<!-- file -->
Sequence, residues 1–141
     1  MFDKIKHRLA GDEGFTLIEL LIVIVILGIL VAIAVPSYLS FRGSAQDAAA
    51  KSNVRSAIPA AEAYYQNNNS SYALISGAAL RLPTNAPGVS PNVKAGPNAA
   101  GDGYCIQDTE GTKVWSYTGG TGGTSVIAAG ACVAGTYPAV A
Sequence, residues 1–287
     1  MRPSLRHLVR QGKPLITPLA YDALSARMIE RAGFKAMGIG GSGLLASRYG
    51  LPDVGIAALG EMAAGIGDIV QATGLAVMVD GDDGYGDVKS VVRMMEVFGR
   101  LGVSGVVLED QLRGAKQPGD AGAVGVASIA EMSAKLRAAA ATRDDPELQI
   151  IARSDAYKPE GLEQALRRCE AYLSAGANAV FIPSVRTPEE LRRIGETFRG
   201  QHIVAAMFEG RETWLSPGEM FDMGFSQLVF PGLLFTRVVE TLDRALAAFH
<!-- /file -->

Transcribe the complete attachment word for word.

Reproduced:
Sequence, residues 1–141
     1  MFDKIKHRLA GDEGFTLIEL LIVIVILGIL VAIAVPSYLS FRGSAQDAAA
    51  KSNVRSAIPA AEAYYQNNNS SYALISGAAL RLPTNAPGVS PNVKAGPNAA
   101  GDGYCIQDTE GTKVWSYTGG TGGTSVIAAG ACVAGTYPAV A
Sequence, residues 1–287
     1  MRPSLRHLVR QGKPLITPLA YDALSARMIE RAGFKAMGIG GSGLLASRYG
    51  LPDVGIAALG EMAAGIGDIV QATGLAVMVD GDDGYGDVKS VVRMMEVFGR
   101  LGVSGVVLED QLRGAKQPGD AGAVGVASIA EMSAKLRAAA ATRDDPELQI
   151  IARSDAYKPE GLEQALRRCE AYLSAGANAV FIPSVRTPEE LRRIGETFRG
   201  QHIVAAMFEG RETWLSPGEM FDMGFSQLVF PGLLFTRVVE TLDRALAAFH